7 Nov 1785—Richmond County, Land Court, “John Smith in behalf of the heirs of Jonathan McGee entered two hundred acres of land between Spirit Creek & Mcbean including the long pond” (Richmond County, Georgia Land Court Minutes 1784-1787, 92). This record suggests that one Jonathan McGee is deceased, and that John Smith was petitioning the land court on behalf of his heirs. However, this was not the case. The warrant issued on the same date shows that the 200 acres were issued to John Smith as “Trustee for Jonathan McGee,” to be laid out between Spirit Creek and McBean [Creek], including “The Long Pond.” (“Georgia Headright and Bounty Land Records 1783-1909,” database at familysearch.org). Therefore, the entry in the land court minutes was not to a deceased man named Jonathan McGee, but to a minor of that name. The reference to Spirit Creek places Jonathan McGee in the same area of Richmond County as Hugh Magee and Lewis Magee. McBean Creek lies south of Spirit Creek, running parallel to Spirit Creek, and forms the boundary between Richmond and Burke Counties. The lands granted were obtained under the Georgia headright law passed 17 Feb 1783. Under this law, “each head of a family was allowed two hundred acres plus fifty additional acres for each family member or slave, the total amount not to exceed one thousand acres. The applicant received the first two hundred acres free but paid a fee, on a sliding scale, of one shilling to four shillings six pence per acre for each additional acre. Fees for lands were dropped entirely in 1785 but were reinstated in 1831” (Cadle, “Georgia Land Surveying History and Law,” 68). Two hundred acres, then, was the most acreage that a single male could receive. While it is certainly possible that married men with families could have “stopped” at 200 acres, if they were able to obtain larger tracts, it is likely that they did so. I have not found an age stipulation with respect to the headright law, but the fact that John Smith applied for the warrant as trustee of Jonathan McGee infers fairly clearly that Jonathan was still a minor, perhaps just about to come of age. The grant for Jonathan’s land was issued 18 July 1787. The land description was for 200 acres bounding “on all sides vacant land” (Register of Grants Book OOO, 32, viewable in “Georgia Headright and Bounty Land Records 1783-1909,” at familysearch.org).
2 Oct 1786 – Richmond County, Land Court, “William McGee enters two hundred acres of land, to be laid out between Sandy run & McBean Creek on headrights.” (Richmond County, Georgia Land Court Minutes 1784-1787, 124). The grant was issued 25 July 1787. The land description was for 200 acres bounding “on all sides by vacant lands” (Register of Grants Book OOO, 85, viewable in “Georgia Headrights and Bounty Land Records 1783-1909,” at familysearch.org). As in the case of Jonathan McGee, this record places William McGee in southern Richmond County, in close proximity to Hugh Magee and Lewis Magee. For a decent map showing these watercourses, see the 1866 map of Richmond County digitized at Georgia’s Virtual vault, http://cdm.sos.state.ga.us/cdm4/cmf.php. I have been unable to determine what happened to the headrights of William and Jonathan Magee that they obtained in the 1780s in Richmond County. I have scanned every extant Richmond County deed from the formation of the county until 1810, and have found no record of the Magee boys selling their lands. There also was no record of a Sheriff’s sale, etc. Lest there be any doubt, the 1795 Richmond County tax return demonstrates that this land lies within the present-day boundaries of Richmond. The last county formed from sections of Richmond County was Warren County, formed in 1793. Whatever happened to the headrights of William and Jonathan Magee in Richmond County must remain a mystery, for now.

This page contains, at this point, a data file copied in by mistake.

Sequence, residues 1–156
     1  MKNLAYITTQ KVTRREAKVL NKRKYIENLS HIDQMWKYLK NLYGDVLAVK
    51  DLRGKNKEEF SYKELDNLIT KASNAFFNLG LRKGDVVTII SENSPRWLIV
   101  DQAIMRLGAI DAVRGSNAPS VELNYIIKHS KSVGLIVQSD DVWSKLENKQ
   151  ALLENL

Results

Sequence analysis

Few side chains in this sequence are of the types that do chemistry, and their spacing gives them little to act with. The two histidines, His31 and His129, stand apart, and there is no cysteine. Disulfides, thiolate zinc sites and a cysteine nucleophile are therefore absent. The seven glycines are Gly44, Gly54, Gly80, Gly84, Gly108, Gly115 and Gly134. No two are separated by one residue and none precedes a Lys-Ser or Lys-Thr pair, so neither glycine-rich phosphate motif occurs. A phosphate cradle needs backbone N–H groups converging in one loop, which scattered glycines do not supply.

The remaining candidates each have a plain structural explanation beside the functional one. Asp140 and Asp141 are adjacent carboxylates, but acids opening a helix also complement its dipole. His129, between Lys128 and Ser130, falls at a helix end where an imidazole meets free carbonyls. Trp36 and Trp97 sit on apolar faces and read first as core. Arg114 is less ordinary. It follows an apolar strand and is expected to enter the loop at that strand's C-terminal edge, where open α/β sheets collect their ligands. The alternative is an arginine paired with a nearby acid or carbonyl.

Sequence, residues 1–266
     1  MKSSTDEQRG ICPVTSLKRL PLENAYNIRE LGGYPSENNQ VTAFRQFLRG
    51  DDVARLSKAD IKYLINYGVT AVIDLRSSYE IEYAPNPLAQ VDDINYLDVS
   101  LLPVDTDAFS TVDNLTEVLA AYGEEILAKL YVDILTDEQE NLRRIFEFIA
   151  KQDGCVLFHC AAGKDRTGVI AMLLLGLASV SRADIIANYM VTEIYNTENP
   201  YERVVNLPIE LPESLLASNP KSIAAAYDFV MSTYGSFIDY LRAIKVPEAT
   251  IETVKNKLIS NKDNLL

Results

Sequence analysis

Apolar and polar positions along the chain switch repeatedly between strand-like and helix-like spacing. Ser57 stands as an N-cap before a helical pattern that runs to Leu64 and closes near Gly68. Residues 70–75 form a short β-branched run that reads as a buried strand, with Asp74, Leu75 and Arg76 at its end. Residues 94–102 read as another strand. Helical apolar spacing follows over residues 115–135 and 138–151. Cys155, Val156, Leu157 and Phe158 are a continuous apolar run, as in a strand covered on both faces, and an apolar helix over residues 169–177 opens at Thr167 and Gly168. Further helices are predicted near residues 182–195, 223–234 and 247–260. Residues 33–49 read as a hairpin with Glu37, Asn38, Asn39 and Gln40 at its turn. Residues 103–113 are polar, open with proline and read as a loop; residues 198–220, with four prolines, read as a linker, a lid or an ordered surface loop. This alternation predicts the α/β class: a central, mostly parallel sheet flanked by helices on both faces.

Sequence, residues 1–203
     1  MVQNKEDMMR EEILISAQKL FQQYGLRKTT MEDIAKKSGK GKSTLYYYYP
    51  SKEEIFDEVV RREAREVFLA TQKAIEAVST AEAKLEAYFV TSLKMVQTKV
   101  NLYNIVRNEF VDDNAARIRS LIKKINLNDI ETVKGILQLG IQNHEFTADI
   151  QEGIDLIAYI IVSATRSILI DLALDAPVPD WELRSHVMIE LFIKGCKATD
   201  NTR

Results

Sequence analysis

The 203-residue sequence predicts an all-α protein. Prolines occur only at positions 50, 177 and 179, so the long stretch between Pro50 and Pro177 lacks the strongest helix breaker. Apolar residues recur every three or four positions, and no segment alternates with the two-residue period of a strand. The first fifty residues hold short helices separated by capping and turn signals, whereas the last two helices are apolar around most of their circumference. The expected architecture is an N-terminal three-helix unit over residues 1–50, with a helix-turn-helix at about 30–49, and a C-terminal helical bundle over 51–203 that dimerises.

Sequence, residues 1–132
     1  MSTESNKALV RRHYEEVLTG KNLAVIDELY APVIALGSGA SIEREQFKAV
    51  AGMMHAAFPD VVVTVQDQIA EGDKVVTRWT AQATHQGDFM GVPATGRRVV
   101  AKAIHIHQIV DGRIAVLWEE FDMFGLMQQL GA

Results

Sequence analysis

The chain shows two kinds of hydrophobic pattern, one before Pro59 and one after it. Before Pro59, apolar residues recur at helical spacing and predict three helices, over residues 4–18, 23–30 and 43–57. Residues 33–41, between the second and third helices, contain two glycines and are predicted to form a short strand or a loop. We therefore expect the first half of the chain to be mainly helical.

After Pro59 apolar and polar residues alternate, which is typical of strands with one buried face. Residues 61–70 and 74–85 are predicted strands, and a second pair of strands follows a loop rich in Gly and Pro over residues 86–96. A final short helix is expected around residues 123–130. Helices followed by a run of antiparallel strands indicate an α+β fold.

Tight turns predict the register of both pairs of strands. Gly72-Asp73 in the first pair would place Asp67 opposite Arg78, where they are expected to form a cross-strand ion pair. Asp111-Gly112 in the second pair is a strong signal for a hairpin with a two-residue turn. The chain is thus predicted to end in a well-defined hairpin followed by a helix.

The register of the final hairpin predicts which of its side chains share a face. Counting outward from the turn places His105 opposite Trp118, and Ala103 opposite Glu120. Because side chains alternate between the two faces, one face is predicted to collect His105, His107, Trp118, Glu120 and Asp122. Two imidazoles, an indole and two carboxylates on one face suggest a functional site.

10 Nov 1793- Bond for Jonathan McGee to marry Rebecca James. (Davidson, “Records of Richmond County, Georgia,” 174).
1795—Tax return for Richmond County, p16, shows: Lyon’s District,
The 1795 assessment is digitized at Georgia’s Virtual Vault, http://cdm.sos.state.ga.us/cdm4/tax.php. I have delayed discussing this John Smith in depth until this entry, which places him paying taxes for both Jonathan McGee and William McGee. On a side note, I can account for how William McGee got 200 acres, but not for the other 70 1/2 acres. At any rate, Jonathan and William were not minors at this time, so that is not the reason why John Smith paid their taxes. I could offer several different explanations why John Smith was paying taxes for William and Jonathan, but whatever the explanation, the tax digest demonstrates a close relationship between these three men. Sidney Holdrege has suggested, and I agree with her conclusion, that John Smith was step-father to these McGee boys. This tax record, coupled with the fact that John Smith was “trustee” for Jonathan McGee in the 7 Nov 1785 land court record cited above strongly suggests (demands?) that the father of William and Jonathan McGee was dead before 7 Nov 1785. Indeed, we have one (and only one) deceased McGee man in the correct area before that date: Lewis McGee, who was dead before 17 May 1784, at which time a land warrant was issued to his unnamed heirs. I conclude, therefore, that Lewis McGee was the father of William and Jonathan McGee.